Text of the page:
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Tuesday, June 25, 2024

How To Cut Off Access to Your Camera and Mic on Any Device

While digital security threats continue to get more sophisticated and complex, sometimes the best ways of protecting yourself and your data are pretty simple—and here we’re going to introduce you to one of the easier checks you can carry out regularly on your various devices.

Access to the cameras and microphones attached to your phones, tablets, and computers is, of course, something you want to keep locked down: Apps need a very good reason if they’re going to start peering through your webcam or listening through an on-board mic, and it’s one of the areas where your devices can be most vulnerable.

The good news is it’s relatively straightforward to check how these components are being accessed, and shutting down that access only takes a couple of clicks or taps. Here’s how to go about it no matter what device you’re using—and we’d recommend running these checks every so often to make sure everything is above board.


Apps with mic access on Windows.

Apps with mic access on Windows.
Screenshot: Windows

There’s no universally adopted and agreed-upon standard for Windows regarding whether a camera or microphone is in use. However, most hardware makers offer some activity light—particularly when it comes to webcams. If you’re unsure about your laptop or desktop, check the documentation that came with it (or with the third-party webcam you’re using).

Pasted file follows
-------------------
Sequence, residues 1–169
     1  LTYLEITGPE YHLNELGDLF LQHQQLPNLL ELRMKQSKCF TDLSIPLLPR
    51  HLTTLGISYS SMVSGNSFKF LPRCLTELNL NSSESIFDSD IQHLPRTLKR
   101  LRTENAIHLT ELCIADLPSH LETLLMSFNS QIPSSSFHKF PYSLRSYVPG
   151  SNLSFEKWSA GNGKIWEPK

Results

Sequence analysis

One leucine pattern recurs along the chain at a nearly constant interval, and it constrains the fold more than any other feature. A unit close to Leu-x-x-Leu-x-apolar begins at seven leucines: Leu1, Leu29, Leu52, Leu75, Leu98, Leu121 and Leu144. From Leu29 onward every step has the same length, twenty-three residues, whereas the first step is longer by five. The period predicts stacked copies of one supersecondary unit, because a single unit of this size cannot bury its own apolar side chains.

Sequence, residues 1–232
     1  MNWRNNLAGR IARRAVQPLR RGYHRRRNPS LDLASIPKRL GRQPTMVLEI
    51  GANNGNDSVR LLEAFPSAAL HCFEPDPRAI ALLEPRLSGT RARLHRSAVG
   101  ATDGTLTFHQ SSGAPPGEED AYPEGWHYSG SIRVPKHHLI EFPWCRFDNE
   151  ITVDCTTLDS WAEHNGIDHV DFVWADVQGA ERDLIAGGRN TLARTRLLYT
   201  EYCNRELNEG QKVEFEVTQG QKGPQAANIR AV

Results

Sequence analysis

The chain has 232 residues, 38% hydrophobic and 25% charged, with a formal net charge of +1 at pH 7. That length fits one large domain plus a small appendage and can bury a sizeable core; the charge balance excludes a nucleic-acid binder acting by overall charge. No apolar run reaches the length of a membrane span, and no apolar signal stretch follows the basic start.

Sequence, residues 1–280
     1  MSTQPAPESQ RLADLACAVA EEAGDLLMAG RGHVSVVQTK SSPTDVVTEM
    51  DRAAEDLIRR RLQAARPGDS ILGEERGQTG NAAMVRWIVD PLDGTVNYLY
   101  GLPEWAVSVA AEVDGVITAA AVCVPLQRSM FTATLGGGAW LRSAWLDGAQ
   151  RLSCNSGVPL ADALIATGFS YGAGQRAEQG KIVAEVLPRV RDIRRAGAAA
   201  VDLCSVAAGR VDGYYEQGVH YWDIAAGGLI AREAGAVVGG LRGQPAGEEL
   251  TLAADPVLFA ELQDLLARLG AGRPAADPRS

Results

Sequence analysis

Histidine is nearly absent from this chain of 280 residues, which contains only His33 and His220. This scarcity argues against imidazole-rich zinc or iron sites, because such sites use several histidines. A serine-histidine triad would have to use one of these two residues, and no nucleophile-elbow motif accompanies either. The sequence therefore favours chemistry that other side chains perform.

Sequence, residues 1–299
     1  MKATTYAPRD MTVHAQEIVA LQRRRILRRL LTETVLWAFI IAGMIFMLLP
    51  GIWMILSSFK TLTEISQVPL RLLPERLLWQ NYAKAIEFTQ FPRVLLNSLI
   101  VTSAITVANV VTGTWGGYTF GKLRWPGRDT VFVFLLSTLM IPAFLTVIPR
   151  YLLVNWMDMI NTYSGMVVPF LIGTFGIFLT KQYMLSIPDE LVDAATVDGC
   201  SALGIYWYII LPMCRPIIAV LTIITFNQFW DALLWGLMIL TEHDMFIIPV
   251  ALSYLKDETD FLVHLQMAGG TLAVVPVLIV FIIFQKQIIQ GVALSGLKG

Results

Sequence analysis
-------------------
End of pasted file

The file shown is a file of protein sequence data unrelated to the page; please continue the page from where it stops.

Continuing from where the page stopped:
If you open up Settings from the Start menu and then choose Privacy & security, you’ll be greeted with a long list of permissions that apps can request on Windows. These cover everything from notifications to your device’s location, but the ones we’re most interested in here are Camera and Microphone.

Click on either of these headings to see the apps that have access to these parts of the system. Of course, there might be genuine reasons that apps need access to the camera or the mic, but if you spot anything you’re not happy with, turn off the relevant toggle switch to prevent an app from accessing these components. Use the toggle switches at the very top to block access to the camera or mic completely.


Apps with camera access on macOS.

Apps with camera access on macOS.
Screenshot: macOS

Unlike Windows, macOS includes indicators for camera and microphone activity: Icons in the menu bar at the top of the screen, colored green and orange, respectively, which should tell you when the camera or mic is in use. If you’ve got a third-party webcam plugged in, it will most probably have some indicator lights of its own as well (check its instructions if you’re not sure).

The indicators should warn you about any expected recording, but you can also check which of your installed applications officially have permission to access the webcam and microphone. Open the Apple menu, click on System Settings, and then open up the Privacy & Security tab—you’ll see in the list that appears you’ve got entries for both Microphone and Camera.

Click on either of these headings to check on the app permissions. It’s then up to you whether or not apps have a legitimate reason to want access to your camera and microphone. If you can’t think of one for any particular program in the list, turn off the relevant toggle switch, and this particular permission gets revoked.


Permission toggle switches on Chrome.